All narcissists need a form of supply. That is, they need the frequent attention, adoration, and affection of others in order to make themselves feel good and restore their energy levels.
They feed off it.
A low-level or moderate narcissist may seek out mostly positive forms of attention to bolster their sense of self-worth. A malignant narcissist may get almost as much satisfaction from negative attention too.
They may enjoy playing the villain and, as we stated above, they aren’t afraid of confrontation and fighting in the moral, intellectual, or physical sense.
This trait is actually one where there is far less overlap with someone who suffers from Antisocial Personality Disorder or psychopathy.
They typically don’t care what other people think of them and will sometimes prefer to be a loner rather than the center of attention.
Narcissists have an inflated sense of their self-importance. They believe they are better than others in every way: more attractive, more intelligent, more successful, more important.
This grandiosity is the root cause of their sense of entitlement. Since they believe themselves to be superior to everyone else, they consider it necessary to be treated as such.
Again, this is not as common in those with APD.
Because they hold themselves in such high regard, if they encounter someone with a trait or lifestyle or possession that they covet, they are consumed with envy.
They hate to see others with something that they do not have. When they do, they will belittle them and put their ownership of that thing down to pure luck. Rarely do they admit that someone is deserving of such a thing.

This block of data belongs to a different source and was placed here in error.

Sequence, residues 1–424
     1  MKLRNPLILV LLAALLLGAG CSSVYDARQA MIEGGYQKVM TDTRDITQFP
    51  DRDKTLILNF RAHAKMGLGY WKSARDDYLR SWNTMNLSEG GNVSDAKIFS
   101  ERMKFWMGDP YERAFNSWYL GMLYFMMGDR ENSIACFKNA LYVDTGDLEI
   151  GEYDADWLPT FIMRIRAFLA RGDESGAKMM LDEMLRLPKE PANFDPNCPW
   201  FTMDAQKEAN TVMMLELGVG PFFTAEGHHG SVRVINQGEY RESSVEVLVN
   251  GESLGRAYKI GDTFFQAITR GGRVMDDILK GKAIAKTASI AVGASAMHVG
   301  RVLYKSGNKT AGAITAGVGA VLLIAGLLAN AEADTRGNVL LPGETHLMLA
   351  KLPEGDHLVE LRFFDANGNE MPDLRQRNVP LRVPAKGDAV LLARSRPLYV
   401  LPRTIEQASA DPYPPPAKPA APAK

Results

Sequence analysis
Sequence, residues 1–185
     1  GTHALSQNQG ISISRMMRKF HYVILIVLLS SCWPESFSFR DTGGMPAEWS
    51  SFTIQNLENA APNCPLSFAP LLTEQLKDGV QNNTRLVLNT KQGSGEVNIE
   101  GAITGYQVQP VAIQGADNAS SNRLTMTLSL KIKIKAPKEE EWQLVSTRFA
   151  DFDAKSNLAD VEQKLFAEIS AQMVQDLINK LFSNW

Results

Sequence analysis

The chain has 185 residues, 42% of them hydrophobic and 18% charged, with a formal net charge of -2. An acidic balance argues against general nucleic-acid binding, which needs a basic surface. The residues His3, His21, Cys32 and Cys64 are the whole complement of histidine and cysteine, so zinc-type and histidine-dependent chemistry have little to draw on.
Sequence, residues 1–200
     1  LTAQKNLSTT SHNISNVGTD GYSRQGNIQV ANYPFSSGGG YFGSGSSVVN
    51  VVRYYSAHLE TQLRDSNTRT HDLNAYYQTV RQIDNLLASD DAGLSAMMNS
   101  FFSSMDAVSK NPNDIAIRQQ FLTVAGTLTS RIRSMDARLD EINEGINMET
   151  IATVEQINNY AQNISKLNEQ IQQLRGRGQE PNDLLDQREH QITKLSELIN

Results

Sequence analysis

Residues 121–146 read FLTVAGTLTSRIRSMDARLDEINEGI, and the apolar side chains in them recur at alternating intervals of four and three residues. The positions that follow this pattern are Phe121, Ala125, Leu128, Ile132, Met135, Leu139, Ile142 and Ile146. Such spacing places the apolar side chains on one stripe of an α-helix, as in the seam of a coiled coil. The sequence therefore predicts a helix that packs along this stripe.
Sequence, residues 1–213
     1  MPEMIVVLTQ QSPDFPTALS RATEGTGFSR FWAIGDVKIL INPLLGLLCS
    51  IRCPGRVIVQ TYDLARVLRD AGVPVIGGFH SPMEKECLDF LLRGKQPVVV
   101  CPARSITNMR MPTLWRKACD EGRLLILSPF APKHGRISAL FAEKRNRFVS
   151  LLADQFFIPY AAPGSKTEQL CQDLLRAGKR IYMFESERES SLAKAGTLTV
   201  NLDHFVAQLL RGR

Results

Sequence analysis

If the opportunity presents itself, they are not afraid to sabotage someone’s success by giving bad advice or purposefully smearing that person’s reputation.
And they revel in the failure of others – perhaps not overtly (though this is a possibility), but certainly on the inside they will be doing a happy dance.
As a narcissist, it’s all about me, myself, and I. They act for their own benefit and no one else’s.
They talk about themselves, many enjoy being in the spotlight, they put others down, and they are overly concerned with their appearance and what other people think of them.
They see their beliefs as true facts, are short-sighted and narrow-minded, and are prone to oversimplifying a complex situation to suit their views.
Most narcissists have the ability to turn on the charm when they need to. In fact, when you first meet one, they can seem like friendly, amenable people.
This is how they are able to snare their victims. They wear a mask and are careful not to let it slip until their target has been adequately manipulated and broken down.
Even if you are not their primary target, they will try to use a charm offensive to make you act in a certain way or have a certain opinion of them
It’s all false and fake of course; they do not say or do nice things with any sincerity.
So, a malignant narcissist is considered to be someone who straddles both Narcissistic Personality Disorder (NPD) and Antisocial Personality Disorder (APD).
While they will likely embody all of the traditional traits of narcissism, they will differ in some ways from the person with APD or a psychopath.
They will also have more exaggerated narcissistic tendencies than other narcissists, particularly in areas involving harming others, aggression, and manipulation.
They are a more extreme, abusive, and dangerous type of narcissist and one who should be avoided at all costs.